The Commonwealth Cyber Initiative (CCI) in Southwest Virginia is spearheading a program to drive five cybersecurity research projects one step closer to market.

In its second year, the Innovation: Ideation to Commercialization program creates avenues to commercialize research and technologies to benefit society and address challenges at the intersection of data, autonomy, and security. The program has provided grant funding and early-stage commercialization resources to the Southwest Virginia cyber research community since 2021. It encourages researchers and their teams to think creatively about how their work can impact new audiences beyond the lab.

The innovation program is bolstered by a complementary CCI program, the new Cyber Innovation Scholars program, which supports graduate students and postdoctoral researchers with an interest in commercialization.

“We’re thrilled to support researchers and students as they seek to translate their cybersecurity advances to the marketplace, positioning Virginia as a leader in technology development and implementation,” said Gretchen Matthews, director of CCI in Southwest Virginia and professor of mathematics in the Virginia Tech College of Science.

The selected projects showcased innovative proposals from researchers in institutions throughout Southwest Virginia as well as professionals in private sector organizations and their collaborators from elsewhere in the state.

The following researchers and projects will receive support:

Protecting bystander visual data privacy in augmented reality systems

Brendan David-John, Department of Computer Science, Virginia Tech
Bo Ji, Department of Computer Science, Virginia Tech

Problem: Augmented reality (AR) devices, expected to reach 1.7 billion users by 2024, allow users to interact with a digitally enhanced version of the real world. Mixing natural and virtual worlds requires sensors such as cameras, depth sensors, eye-tracking, and microphones. While essential to the operation, the sensors do not discriminate in the data they collect. The devices capture data required to model the user’s environment as well as visual data about bystanders, which can potentially be used to identify sensitive information for malicious purposes. This threat of bystander data leak is called the bystander privacy problem.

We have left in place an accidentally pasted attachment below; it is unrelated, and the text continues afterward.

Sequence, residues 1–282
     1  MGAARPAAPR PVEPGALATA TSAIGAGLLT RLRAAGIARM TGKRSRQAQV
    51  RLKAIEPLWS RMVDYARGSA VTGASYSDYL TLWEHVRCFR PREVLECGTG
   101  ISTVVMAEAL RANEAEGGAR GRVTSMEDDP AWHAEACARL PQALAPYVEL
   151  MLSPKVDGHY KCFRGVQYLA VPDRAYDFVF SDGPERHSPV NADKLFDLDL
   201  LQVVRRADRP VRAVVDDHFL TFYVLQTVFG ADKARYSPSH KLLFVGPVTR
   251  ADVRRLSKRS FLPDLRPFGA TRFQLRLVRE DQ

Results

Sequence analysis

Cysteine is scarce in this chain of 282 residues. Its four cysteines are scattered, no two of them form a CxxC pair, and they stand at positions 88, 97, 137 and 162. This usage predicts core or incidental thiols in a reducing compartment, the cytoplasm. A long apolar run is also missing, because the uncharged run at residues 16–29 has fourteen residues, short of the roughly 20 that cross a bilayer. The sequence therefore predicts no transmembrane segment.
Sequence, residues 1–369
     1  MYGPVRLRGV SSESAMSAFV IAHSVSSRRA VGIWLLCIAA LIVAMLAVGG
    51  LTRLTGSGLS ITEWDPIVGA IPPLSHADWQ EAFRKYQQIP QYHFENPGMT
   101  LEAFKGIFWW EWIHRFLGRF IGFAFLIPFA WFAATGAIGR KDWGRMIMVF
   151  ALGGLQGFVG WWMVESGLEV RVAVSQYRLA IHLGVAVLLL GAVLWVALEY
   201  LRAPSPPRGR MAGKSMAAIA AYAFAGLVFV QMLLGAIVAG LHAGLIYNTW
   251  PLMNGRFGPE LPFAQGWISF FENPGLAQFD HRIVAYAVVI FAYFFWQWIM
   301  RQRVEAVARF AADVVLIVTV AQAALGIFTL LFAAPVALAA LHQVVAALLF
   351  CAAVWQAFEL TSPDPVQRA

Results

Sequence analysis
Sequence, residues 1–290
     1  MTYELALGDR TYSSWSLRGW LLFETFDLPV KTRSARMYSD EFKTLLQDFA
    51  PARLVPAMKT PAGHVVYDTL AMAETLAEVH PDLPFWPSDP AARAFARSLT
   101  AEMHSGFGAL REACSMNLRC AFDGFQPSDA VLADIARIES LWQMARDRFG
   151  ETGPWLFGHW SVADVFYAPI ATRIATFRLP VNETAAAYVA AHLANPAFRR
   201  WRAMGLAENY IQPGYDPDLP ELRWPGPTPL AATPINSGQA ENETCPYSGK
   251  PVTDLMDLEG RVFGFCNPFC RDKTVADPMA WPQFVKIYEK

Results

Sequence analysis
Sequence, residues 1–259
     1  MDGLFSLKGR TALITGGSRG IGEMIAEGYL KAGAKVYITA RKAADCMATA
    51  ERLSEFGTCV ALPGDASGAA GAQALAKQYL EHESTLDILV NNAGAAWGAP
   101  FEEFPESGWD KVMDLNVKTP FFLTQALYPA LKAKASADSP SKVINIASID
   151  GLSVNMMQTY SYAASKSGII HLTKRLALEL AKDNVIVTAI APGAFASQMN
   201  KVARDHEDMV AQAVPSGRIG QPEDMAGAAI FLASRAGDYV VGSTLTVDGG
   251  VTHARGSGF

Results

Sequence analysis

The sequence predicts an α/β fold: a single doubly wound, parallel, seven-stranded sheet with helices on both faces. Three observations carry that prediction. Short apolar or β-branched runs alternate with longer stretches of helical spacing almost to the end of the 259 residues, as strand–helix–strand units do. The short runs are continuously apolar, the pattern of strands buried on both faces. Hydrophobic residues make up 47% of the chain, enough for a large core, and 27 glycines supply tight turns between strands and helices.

Project: The CCI project will focus on developing BystandAR, a technology that will address the bystander privacy problem by distorting bystander images and voices before integrating the information into the AR device. This will help ensure bystander privacy while maintaining the user experience of the augmented reality system.

Power system-reliant technology for massive interconnection of integrated renewables

Ali Mehrizi-Sani, Department of Electrical and Computer Engineering, Virginia Tech

Problem: To harness the capabilities of renewable energy sources, the power grid must handle power from many sources, such as solar and wind farms. Each new source must be thoroughly tested before it can connect to the grid in a process called generation interconnection studies. Conducting these engineering studies is time-consuming and encumbered by incomplete or out-of-date data and system models as well as inconsistent operational practices. The Federal Energy Regulatory Commission reports a record-high interconnection queue, and federal investments due to the Inflation Reduction Act are only expected to add to this backlog.